Integrating AWS CodeCommit with Bitrise

This guide was originally shared at, we just updated it, added some notes & did some formatting here

If you store your source code on AWS CodeCommit, and you want to start using the CI platform, this setup can seem daunting (and even impossible). Connecting an AWS CodeCommit repository is probably the most complicated part of using Bitrise, but it’s not hard to do, and once it’s done, CodeCommit behaves just about like any other popular hosted source control service.

Setting up/Connecting a Repository

Here’s how to connect a repo:

  1. Generate an SSH key pair, in RSA format, with an empty passphrase, by following this guide.
  2. Create an IAM user specifically for Bitrise CodeCommit access (make sure it has the proper CodeCommit permissions), and register the generated SSH key for this IAM user - related AWS documentation.
  3. Start the Add an App process on, and under “Connect your repository” select “Own/Manual”.
  4. Input the SSH URL to your repo in the form of ssh://SSH_KEY_ID@REPO_URL.
    • Here, SSH_KEY_ID is the ID of the key you attached the IAM user we mentioned earlier
    • And REPO_URL is the SSH clone URL of your repository (minus the ssh:// prefix).
  5. Next, in the Setup repository access section select the Add Own SSH mode and paste in the SSH private key from before (you did save that somewhere safe, didn’t you?).
  6. Now Bitrise will validate your repo, and you should be good to go!

Note: if you have multiple repositories to connect to Bitrise, you can use the same keypair for all of them, if you wish, just make sure to save the generated SSH keypair somewhere safe!

Triggering a build on push

One of the downsides to using AWS CodeCommit is that it does not provide a native webhook mechanism like what you get with GitHub or other popular hosted source control providers.

On the other hand, given that CodeCommit is part of the AWS ecosystem, we have an arsenal of handy tools and services that can be combined to implement just about any functionality we desire around our repositories.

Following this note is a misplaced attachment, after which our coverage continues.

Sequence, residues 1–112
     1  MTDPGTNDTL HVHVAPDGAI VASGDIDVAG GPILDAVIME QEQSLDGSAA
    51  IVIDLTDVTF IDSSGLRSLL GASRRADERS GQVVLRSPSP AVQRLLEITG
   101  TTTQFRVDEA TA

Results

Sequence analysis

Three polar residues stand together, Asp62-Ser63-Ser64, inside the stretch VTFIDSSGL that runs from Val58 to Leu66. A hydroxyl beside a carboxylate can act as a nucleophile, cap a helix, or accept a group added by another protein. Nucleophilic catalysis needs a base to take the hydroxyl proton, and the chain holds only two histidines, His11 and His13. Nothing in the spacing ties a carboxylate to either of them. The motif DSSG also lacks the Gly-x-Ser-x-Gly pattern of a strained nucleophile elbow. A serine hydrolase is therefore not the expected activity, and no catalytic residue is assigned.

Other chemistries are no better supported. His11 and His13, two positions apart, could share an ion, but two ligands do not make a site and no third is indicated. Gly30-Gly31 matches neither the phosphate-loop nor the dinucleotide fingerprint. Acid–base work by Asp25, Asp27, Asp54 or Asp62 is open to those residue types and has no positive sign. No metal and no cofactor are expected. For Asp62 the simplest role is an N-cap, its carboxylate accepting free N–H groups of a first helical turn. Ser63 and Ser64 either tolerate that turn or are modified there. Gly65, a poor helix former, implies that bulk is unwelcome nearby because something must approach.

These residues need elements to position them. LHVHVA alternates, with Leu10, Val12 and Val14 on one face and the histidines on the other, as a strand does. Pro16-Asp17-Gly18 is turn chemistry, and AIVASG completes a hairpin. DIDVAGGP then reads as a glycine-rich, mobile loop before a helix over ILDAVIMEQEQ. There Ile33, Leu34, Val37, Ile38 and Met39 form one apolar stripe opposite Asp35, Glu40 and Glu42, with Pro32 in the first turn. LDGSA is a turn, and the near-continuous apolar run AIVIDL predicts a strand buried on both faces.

Thus, at TicketBiscuit we have come up with a simple mechanism that gives us basic webhook functionality – and thus allows us to trigger Bitrise builds automatically on a push to one of our mobile app repositories.

The three key parts of this mechanism are the CodeCommit repo, a Lambda function (written in Python), and the Bitrise Build Trigger API.

The mechanism works as follows:

  • We have written an AWS Lambda function that, when triggered by a CodeCommit event, parses the event and converts it into the form of a GitHub webhook push event – this is something the Bitrise API can easily digest (the code for this function can be found here) .
  • The CodeCommit trigger is also responsible for passing the correct app slug and API token to the Lambda function – this way the Lambda function is sure to trigger the right build.
    • This is passed via the CustomData of the trigger, in the format “{APP_SLUG}:{API_TOKEN}” – these values come from the Code tab of your build job in Bitrise.
  • As you could guess, once the parsing is done, the Lambda function POSTs the resultant JSON to the proper Bitrise endpoint, and our mobile app build is off and running.


  • As with anything within the AWS ecosystem, permissions and policies are important. Not only does your Lambda function need permission to access each CodeCommit repo you want to integrate, each of the CodeCommit repo’s needs permission to trigger the Lambda function.
  • You probably want to read this doc thoroughly before trying to implement this in your own system.
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